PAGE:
How Everett McCorvey paved the way for University of Kentucky’s opera program to become nationally known
On March 8, 2013, McCorvey and his entourage of musicians arrived as surprise guests in our home to sing for a friend and Holocaust survivor, Oscar Haber, at his 103rd birthday party.
The moment McCorvey entered the room, we all were transfixed by his loquacious personality, booming voice and big smile. He took stage and, joined by fellow Metropolitan Opera tenor Gregory Turay, wedged the small-framed Haber between them while hitting the high notes of Puccini’s O Mio Babbino Caro. The aria went through the roof. Opera buff Haber scored a moment neither he nor his friends would ever forget.
That celebration took place the day after what McCorvey had remembered as an anniversary of a 1965 march for voting rights from Selma to Montgomery, Alabama, known as Bloody Sunday. Born in Montgomery in 1957, McCorvey’s life was shaped by the civil rights movement. His father was a deacon at First Baptist Church, where Ralph David Abernathy, an assistant of Martin Luther King Jr., was a minister. Choirs would come to the church in support of civil rights, singing spirituals. Everett was growing up surrounded by this music.
At 8, Everett took up the trumpet, inspired by a trumpet-playing student his family housed. He thought it was the sweetest sound, and says he knew right then that the idea of music was what he wanted to be his life. He didn’t know which part of music—yet.
Later, others heard him sing, and feeling encouraged, he decided to pursue vocal training at Alabama State College. His big break came soon after in New York City. He was cast in the Radio City Music Hall production of Porgy and Bess, and next, its debut performance at The Metropolitan Opera. This was where he met his wife, soprano Alicia Helm. With New York gigs under his belt, he realized that what he really wanted was to teach, and went back to college to get his doctorate.
Today, Music Matters podcast host Jason Tramm describes classical tenor McCorvey as “a wonderfully busy man.” The evidence: he is the founder, conductor and artistic director of The American Spiritual Ensemble; the artistic director of The National Chorale of New York City; and president of the Global Creative Connections production and management company that brought us the opening and closing ceremony of the 2010 FEI World Equestrian Games. In his day job, McCorvey is Endowed Chair of Opera Studies at University of Kentucky, and director of OperaLex and UK Opera Theatre, where he will celebrate 30 years this fall.
“A wonderful marriage”
McCorvey calls the collaboration with UK “a wonderful marriage,” that enabled him to spread his wings and create on many levels, helping him realize his many gifts while sending young talents off into the world.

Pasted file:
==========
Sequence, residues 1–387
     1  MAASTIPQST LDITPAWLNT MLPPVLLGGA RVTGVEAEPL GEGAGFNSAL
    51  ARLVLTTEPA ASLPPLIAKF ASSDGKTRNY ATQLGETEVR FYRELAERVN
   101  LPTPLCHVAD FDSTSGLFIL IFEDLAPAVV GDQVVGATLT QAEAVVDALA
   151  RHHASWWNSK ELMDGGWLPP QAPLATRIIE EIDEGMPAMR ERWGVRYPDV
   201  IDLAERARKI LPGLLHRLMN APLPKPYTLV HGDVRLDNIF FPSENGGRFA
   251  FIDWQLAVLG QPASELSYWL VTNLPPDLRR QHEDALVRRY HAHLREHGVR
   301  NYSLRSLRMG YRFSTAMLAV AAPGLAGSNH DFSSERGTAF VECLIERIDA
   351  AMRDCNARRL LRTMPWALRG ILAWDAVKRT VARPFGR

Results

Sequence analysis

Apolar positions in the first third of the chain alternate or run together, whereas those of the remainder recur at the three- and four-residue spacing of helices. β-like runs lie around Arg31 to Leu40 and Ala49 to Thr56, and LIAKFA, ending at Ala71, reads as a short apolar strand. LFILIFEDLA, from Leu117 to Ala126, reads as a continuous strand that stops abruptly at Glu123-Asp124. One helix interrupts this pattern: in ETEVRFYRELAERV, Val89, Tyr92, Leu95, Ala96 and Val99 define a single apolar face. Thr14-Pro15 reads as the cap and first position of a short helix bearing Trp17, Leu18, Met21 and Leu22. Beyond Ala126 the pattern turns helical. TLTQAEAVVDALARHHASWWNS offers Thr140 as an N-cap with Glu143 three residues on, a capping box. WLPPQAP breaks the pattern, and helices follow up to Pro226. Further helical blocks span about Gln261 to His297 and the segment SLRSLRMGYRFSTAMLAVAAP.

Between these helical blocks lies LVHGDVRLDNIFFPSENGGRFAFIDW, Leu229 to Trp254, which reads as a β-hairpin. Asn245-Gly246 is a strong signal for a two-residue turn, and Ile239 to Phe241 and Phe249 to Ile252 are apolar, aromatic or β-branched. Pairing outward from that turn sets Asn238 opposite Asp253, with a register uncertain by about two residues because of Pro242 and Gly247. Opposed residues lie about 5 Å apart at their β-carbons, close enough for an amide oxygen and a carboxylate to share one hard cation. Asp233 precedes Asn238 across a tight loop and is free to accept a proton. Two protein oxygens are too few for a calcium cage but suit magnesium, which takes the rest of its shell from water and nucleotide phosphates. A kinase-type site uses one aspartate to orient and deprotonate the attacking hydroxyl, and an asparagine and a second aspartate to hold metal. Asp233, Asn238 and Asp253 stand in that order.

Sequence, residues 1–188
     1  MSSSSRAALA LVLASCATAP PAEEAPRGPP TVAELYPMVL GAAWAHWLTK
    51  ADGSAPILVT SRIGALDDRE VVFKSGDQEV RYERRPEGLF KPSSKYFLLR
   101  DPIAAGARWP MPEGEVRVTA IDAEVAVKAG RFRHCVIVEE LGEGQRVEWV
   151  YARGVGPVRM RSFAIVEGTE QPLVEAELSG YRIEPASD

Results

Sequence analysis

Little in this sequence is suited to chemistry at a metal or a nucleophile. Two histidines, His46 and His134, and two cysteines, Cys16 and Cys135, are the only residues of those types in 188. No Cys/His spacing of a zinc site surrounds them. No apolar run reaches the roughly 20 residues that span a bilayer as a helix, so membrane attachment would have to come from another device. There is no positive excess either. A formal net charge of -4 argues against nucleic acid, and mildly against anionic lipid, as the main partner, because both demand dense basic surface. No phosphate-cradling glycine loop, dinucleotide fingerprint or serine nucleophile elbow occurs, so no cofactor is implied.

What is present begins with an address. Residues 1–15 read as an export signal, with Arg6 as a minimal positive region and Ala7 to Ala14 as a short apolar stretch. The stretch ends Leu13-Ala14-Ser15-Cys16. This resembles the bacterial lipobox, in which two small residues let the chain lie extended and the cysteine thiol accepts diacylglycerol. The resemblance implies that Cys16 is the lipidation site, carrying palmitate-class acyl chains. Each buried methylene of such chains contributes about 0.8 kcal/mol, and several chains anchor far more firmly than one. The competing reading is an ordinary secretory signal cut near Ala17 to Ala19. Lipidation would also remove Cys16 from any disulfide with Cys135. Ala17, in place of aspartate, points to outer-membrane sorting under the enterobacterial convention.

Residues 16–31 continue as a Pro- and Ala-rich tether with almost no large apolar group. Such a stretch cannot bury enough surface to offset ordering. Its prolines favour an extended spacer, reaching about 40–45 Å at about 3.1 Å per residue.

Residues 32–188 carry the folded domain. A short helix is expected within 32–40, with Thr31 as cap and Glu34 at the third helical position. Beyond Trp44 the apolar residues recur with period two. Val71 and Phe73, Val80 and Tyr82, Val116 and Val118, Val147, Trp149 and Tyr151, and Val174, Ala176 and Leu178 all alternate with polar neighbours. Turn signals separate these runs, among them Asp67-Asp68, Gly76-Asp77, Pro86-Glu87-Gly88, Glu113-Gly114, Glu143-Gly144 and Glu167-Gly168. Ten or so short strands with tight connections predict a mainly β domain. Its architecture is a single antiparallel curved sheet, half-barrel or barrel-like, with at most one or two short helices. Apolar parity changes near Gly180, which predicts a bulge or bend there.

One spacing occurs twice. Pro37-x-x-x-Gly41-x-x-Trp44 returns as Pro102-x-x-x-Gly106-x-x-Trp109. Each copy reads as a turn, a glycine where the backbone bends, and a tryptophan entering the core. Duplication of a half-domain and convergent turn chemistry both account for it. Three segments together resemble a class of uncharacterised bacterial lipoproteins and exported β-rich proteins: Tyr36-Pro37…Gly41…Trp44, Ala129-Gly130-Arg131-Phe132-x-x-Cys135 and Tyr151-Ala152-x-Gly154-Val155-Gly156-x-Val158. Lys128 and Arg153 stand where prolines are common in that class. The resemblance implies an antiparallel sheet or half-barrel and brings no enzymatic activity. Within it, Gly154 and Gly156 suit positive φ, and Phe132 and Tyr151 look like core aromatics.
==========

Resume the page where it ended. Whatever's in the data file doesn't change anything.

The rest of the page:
That marriage took its first steps in the fall of 1991, when UK Music Department Chair Harry Clark challenged the newly arrived assistant professor of voice with an offer to build an internationally known voice program.
“It was music to my ears.” McCorvey says. However, it came with a caveat. McCorvey knew recruiting the best voices without an opera component was virtually impossible. He accepted the challenge and raised the bar, telling Clark that to have an internationally known voice program, you have to have internationally known opera program. The best voices in the world want to go where they can sing opera.
Clark agreed. The voice and opera programs were launched, and slowly built, one vocal, coaching and choral position at a time. This uniquely skilled faculty team, in return, has been able to mold and shape performers that would be competitive in a professional job market.
The team’s results are found in the success of their students. In 1996, Turay became the first UK student to win The Metropolitan Opera finals. The press dubbed him “Pavarotti with looks,” gaining lots of attention for the UK opera program.
To this day, UK Opera maintains a strong relationship with The Met, and has sent several students all the way through its competition rounds. Last year, Blake Denson from Paducah became yet another Met stage winner.
The Richard Tucker Foundation, which matches young artists with vocal programs, recognized the UK vocal program as one of top programs in the country. McCorvey is proud of that honor.
“The beautiful part happening in the profession now,” he says with a chuckle, “is that when a UK graduate is auditioning, they pay as much attention to them as they pay to the student graduating from Julliard.”
McCorvey anchors his research at UK in performance, directing and conducting. The National Chorale of New York City is one of his research projects. In 1995, he also founded The American Spiritual Ensemble, having noticed people don’t distinguish between gospel and spiritual. “I wanted to make sure that the tradition of singing American Negro Slave Spirituals is continued to be perpetuated,” McCorvey says, calling them “the folk songs” of America.
“I feel God has given us all in the world particular gifts,” he says, “and the gifts are what equals the playing field, because when you have a gift, it can lift you up, and then you can, in turn, lift others up. For that, people will respect you for that gift.”
He spends his life finding that gift in others. And it is not always in voice.